Becoming a commercial litigator – by Cleary Gottlieb

Commercial Litigation

We've asked Cleary’s litigators to tell you about the benefits of playing devil's advocate; why mastering the art of storytelling is crucial; and how a high degree of empathy can make all the difference.

Chambers Associate: How would you define litigation?

Jonathan Kolodner, partner: At Cleary Gottlieb, we define our litigation group broadly to cover a range of different practice areas, including civil litigation, arbitration, and white-collar criminal defense and enforcement. We are also a global disputes practice, meaning that we often work on matters across our 16 offices and handle litigation and investigations that involve multiple jurisdictions. And, of course, we have a significant pro bono litigation practice as well.

Alex ‘Lenny’ Leonard, associate: It is any formal process of dispute resolution that pits one side against another, and where there is a neutral party (e.g. a judge or jury) that will decide the outcome. Litigation can also cover regulatory and enforcement work, such as internal or governmental investigations, though at Cleary the enforcement work is viewed as somewhat distinct from the litigation work, even though the same lawyers tend to do both types and all are part of one litigation group.

Vanessa Richardson, associate: Litigation also includes strategic thinking before any proceedings begin to help parties anticipate potential risk, understand their options, and build a stronger case.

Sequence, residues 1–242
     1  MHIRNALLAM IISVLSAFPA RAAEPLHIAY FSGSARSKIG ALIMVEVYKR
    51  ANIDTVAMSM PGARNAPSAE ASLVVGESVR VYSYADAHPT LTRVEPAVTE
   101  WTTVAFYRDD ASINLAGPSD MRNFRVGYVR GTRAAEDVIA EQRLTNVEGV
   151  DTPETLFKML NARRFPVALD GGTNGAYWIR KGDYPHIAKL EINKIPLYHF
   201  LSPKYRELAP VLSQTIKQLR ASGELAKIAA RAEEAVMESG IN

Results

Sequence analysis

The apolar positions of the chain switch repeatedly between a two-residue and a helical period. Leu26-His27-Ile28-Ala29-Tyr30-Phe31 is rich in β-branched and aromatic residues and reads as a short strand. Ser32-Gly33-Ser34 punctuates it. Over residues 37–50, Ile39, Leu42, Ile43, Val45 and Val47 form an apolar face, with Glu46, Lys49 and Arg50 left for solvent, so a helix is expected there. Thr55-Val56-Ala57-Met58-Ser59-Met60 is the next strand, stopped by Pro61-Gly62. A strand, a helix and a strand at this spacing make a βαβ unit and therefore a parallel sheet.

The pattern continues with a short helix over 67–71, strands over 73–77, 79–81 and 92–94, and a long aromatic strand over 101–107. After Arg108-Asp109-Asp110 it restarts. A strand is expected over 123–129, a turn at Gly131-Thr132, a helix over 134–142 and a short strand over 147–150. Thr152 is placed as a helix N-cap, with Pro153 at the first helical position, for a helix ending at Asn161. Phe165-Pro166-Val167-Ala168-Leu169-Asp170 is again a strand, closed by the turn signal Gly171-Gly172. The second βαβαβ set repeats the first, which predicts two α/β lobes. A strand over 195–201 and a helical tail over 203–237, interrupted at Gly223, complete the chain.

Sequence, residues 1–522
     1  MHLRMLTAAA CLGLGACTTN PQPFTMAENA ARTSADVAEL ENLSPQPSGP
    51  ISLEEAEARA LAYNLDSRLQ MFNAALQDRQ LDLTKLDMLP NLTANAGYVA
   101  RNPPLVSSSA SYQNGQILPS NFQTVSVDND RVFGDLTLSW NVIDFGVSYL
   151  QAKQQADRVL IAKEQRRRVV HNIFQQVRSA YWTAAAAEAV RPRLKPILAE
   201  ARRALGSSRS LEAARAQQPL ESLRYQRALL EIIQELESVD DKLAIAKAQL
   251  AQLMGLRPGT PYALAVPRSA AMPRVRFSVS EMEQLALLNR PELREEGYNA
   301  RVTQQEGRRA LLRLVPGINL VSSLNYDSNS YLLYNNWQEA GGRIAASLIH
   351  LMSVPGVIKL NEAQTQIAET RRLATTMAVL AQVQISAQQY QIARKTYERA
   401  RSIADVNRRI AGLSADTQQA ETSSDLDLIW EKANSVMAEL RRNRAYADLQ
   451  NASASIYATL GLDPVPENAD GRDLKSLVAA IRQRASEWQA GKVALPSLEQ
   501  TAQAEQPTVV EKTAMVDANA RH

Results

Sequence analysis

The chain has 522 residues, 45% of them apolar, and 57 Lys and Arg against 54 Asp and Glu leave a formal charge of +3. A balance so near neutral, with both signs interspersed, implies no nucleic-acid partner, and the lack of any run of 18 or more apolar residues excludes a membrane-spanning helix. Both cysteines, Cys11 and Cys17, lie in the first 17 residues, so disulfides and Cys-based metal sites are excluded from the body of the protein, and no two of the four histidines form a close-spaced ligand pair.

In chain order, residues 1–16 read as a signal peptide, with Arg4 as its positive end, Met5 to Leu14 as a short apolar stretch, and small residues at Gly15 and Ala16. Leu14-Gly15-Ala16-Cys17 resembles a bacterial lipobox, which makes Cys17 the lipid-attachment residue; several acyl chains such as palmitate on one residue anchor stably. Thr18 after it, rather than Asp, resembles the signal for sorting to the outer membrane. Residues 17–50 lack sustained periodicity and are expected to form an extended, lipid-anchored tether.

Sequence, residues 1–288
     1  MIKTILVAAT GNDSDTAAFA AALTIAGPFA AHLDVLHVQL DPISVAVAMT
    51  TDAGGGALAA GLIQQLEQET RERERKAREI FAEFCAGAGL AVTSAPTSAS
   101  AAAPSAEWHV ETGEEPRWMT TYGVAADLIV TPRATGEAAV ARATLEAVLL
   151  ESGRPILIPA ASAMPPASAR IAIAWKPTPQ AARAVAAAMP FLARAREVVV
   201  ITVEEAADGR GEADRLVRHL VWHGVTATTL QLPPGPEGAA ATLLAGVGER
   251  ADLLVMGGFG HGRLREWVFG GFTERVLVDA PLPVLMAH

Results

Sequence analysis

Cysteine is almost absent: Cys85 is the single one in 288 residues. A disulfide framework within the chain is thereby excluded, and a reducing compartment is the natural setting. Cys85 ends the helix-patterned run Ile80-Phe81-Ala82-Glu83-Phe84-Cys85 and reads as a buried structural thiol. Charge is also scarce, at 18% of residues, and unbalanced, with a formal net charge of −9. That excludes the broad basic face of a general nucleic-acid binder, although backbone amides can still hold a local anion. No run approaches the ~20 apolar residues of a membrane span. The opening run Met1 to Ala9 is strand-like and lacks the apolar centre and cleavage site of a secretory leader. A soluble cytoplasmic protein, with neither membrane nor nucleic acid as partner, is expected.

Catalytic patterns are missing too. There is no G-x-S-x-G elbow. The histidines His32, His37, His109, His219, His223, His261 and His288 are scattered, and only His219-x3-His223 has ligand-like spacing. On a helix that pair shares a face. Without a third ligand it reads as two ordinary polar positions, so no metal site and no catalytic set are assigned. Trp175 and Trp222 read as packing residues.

CA: What do the partners do?

JK: Litigation partners obviously have a range of responsibilities. Partners are responsible for advising clients and supervising litigation matters. Partners are also responsible for managing the practice generally, as well as marketing and business development. And critically, partners are responsible for training and mentoring associates, who are the future of the firm.

“It is any formal process of dispute resolution that pits one side against another, and where there is a neutral party (e.g. a judge or jury) that will decide the outcome.”

AL: The partners generally oversee the case. They have the primary interaction with the client to discuss strategy, goals, scope of work, and cost of work and billing issues. The partners also manage the team and have ultimate say in strategy within the firm. However, the partners will usually delegate the majority of the legal work to associates, at least in the first instance. Partners will sign important documents, such a court briefs or other official submissions, and usually will be the ones to speak at important court hearings or meetings; however, depending on the particular circumstances of a case, sometimes associates will take the lead at hearings or in important meetings. Partners will supervise the work of the associates, but the scope of authority delegated to associates will vary depending on the case, the partners and associates involved, the particular stage of proceedings, and the comfort of the particular client involved.